Tim Scott My criticisms of the second South Carolina candidate (how weird is it to have two candidates from South Carolina and neither of them be Lindsey Graham?) are much the same as for the first. I wanted to like Scott and I like a lot of what he has to say, but when I hear Scott politicizing the Trump indictments and (falsely) saying that the Biden Administration’s Department of Justice has been “weaponized,” I consider it disqualifying (for my vote at least, not in the same sense that Trump may be disqualified under the 14th Amendment). Nevertheless, Scott has picked up a reasonable amount of support from evangelicals and is within striking distance of being within striking distance of second place.
Chris Christie Chris Christie is a meme. Literally. The former New Jersey governor is mainly remembered for three things: His 2012 pre-election bromance with Barack Obama, the “Bridgegate” scandal, and a series of viral memes based on a photo of the gov in on a closed public beach during a budget impasse. Make no mistake, Christie isn’t in the race to win it. Christie is in the race to take out Donald Trump the way he destroyed Marco Rubio in 2016. With Trump ducking for cover on Wednesday, it will be interesting to see if Christie goes after another candidate or attacks Trump in absentia. It will also be interesting to see whether Trump eventually confronts the New Jersey hitman or whether continues to skip debates.
Asa Hutchinson A former Arkansas governor, Asa Hutchinson entered the race last April and promptly disappeared. Seriously, I think I saw his face on a milk carton. Hutchinson is a real conservative with good experience in governing, but he has no chance because he says mean things about Trump. Even beyond that, he has a name recognition problem because he was not a showboat governor. Hutchinson would be a good candidate in the general election, but he won’t make it that far.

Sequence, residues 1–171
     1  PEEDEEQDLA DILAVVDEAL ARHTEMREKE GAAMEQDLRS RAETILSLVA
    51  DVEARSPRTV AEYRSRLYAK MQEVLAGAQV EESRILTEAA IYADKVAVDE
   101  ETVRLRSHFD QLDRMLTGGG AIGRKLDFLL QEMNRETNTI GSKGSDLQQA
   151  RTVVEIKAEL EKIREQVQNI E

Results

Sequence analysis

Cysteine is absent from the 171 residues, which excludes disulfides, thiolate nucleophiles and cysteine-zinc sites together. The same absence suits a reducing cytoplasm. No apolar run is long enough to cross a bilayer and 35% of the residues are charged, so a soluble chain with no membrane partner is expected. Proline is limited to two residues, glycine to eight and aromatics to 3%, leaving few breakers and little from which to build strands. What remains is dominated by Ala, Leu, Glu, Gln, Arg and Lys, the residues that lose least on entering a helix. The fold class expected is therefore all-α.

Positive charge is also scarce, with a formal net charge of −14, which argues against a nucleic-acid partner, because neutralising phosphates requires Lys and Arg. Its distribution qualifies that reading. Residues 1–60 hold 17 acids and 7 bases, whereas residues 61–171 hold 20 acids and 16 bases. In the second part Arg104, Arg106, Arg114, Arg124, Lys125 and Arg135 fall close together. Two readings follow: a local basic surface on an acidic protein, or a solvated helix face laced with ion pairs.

The Why-Are-You-Here? Crowd
Doug Burgum Doug Burgum may be the best candidate in the race. Unfortunately, the North Dakota governor also has a name recognition problem. Burgum is a successful businessman and billionaire who qualified for the debate using a promotion in which he gave a $20 gift card to everyone who donated $1 to his campaign. (For the record, a $19 net profit was not worth giving Republicans my contact information.) With no discernible opinion on Donald Trump to alienate either faction of the party, the debate may be Burgum’s chance to wow the voters and move up in the polls.
Will Hurd Former Texas congressman Will Hurd is another candidate I can respect. He was critical of Donald Trump but nevertheless failed to support the first impeachment. Hurd did not run for re-election in 2020 after voting to condemn a Trump tweet that was widely considered racist.
Francis Suarez Francis Suarez is the mayor of Miami. Suarez previously said that candidates who didn’t qualify for the first debate should drop out of the race, so look for the mayor to end his campaign if he wants to maintain his credibility.
Perry Johnson Johnson is a businessman from Michigan who ran an unsuccessful campaign for governor in 2022. I guess he figured if he could lose a gubernatorial race, he could lose a presidential one as well. I wouldn’t know Johnson was running if I didn’t keep seeing his ads on Facebook. I think my research for this article probably noticeably impacted the number of web searches for him.
Larry Elder Larry Elder is a right-wing talk show host, which is about the last thing we need in the White House.
And that’s about the size of it. Are you as underwhelmed as I am?
The debate will probably shake things up a bit. Donald Trump will probably remain on top despite being a no-show. DeSantis will struggle to assert dominance while the others will likely be gunning for him in hopes of bringing down the Number Two and narrowing the field.
In the end, I think it’s going to be a competition for the runner-up position. As I‘ve said all along, Trump owns the Republican Party. The nomination is his if he wants it, and he seems to want it. That’s true whether he’s indicted or not. Trump can’t lose the Republican primary and he can’t win the general election. (Prove me wrong, Republicans!) And that’s true whether he was indicted or not.
I think that most of the candidates have the same attitude as Nikki Haley. Campaigning for 2024 is more about name recognition and building support for 2028 than any real attempt to win the current nomination. For most, it’s a sensible strategy, but Nikki Haley could have done so much better.
As to who I’ll ultimately vote for, I’m undecided. I plan to see how things shake out over the next few months, but right now, it would be easier to tell you who I won’t vote for.